5. Seek alignment among all players. When Wyler found it difficult dealing with the government-owned monopoly, he bought it. When that avenue is unavailable (which it rarely is), a way must be found to align government and business policies so that unnecessary conflicts don’t stymie progress. Wyler didn’t enter the Rwanda market out of altruism. He expects to make money. The government understands that profitable companies pay better wages, pay more taxes, invest more in their infrastructure, etc. The goals of one enterprise (though different than the goals of the other) are different but complementary. Complementary strategies among players can generally be found and they should be a priority. "
A few brief remarks by me; I will analyze the strategy paper itself in a separate post and will limit myself here to the intersection of DiB and implementation of the counter terror strategy:DiB point # 3, " Create a customer base" is on par in terms of counterterrorism with providing security. It is simply that important and has been the area of greatest American weakness. The efforts and developing a culturally attuned, linguistically competent, intellectually creative, strategic influence policy aimed at isolating Salafist-Jihadi extremists from their co-religionists have been insufficient. Part of the problem is the need for an unavoidably time-consuming build-up in personnel with the requisite cultural intelligence and linguistic skill-sets to do the variety of tasks - analysis, interrogation, translation, operational planning, information operations - that need to be done. At best, it is an 8-10 year investment but our current deficits can be remediated to a degree by point # 4.Moving the IC and military out of the highly compartmentalized, vertical thinking, Cold War era, view of internal security uber alles and toward building a counterterrorism Community of Practice is vital. A community that embraces expertise outside of the insular and narrow confines of beltway bureaucracy and integrates private sector, academic and where appropriate, foreign talent to vastly accelerate the cycle of innovation and knowledge dispersal. Greater horizontality in thinking, greater interconnected modularity in community structure.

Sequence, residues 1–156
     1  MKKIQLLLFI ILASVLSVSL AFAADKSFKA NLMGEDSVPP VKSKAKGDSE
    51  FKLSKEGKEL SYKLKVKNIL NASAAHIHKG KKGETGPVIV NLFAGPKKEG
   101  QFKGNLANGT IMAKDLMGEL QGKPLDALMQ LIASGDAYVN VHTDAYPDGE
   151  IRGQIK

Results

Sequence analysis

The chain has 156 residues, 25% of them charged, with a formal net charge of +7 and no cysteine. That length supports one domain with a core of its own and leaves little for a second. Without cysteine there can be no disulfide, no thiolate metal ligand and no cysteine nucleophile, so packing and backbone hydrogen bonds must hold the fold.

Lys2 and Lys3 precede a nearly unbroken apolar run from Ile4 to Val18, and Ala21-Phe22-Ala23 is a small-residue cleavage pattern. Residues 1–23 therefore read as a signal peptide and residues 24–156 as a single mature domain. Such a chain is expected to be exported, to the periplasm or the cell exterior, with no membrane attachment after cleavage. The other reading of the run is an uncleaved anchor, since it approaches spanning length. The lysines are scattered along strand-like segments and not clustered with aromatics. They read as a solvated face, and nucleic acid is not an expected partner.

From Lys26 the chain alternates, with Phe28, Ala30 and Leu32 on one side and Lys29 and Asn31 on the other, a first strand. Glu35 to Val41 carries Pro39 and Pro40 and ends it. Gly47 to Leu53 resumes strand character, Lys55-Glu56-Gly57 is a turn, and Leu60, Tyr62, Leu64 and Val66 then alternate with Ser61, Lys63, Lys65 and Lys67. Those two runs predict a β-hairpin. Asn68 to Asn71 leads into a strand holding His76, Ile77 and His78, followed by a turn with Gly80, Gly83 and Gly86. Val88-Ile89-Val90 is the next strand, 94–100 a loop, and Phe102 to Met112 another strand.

In turn, this morphs into Steve's fifth point of seeking alignment. I would go a step further - the broad private-public community of practice should be "aligned"; the public IC-diplo elements should leapfrog beyond alignment to begin building "jointness"
in their activities the way the military began to do in the early-mid 1980's. A system administration force for counterterrorism where synergy of action, not bureaucratic chart reorgs, is the objective.DiB principles can be directed as usefully at our own bureaucratic systems as societies languishing in the Gap.LINKS:tdaxp -"Like CPUs and Operating Systems, Countries MattersDr. Barnett "Jaffe profiles Abizaid and his definition of SysAdmin as the tool to win the Long War"Conversation Base Blog
"Systems approach on a global scale: Military-Market Nexus
"Homeland Security Watch
-"DHS issues final rule for handling private-sector CI information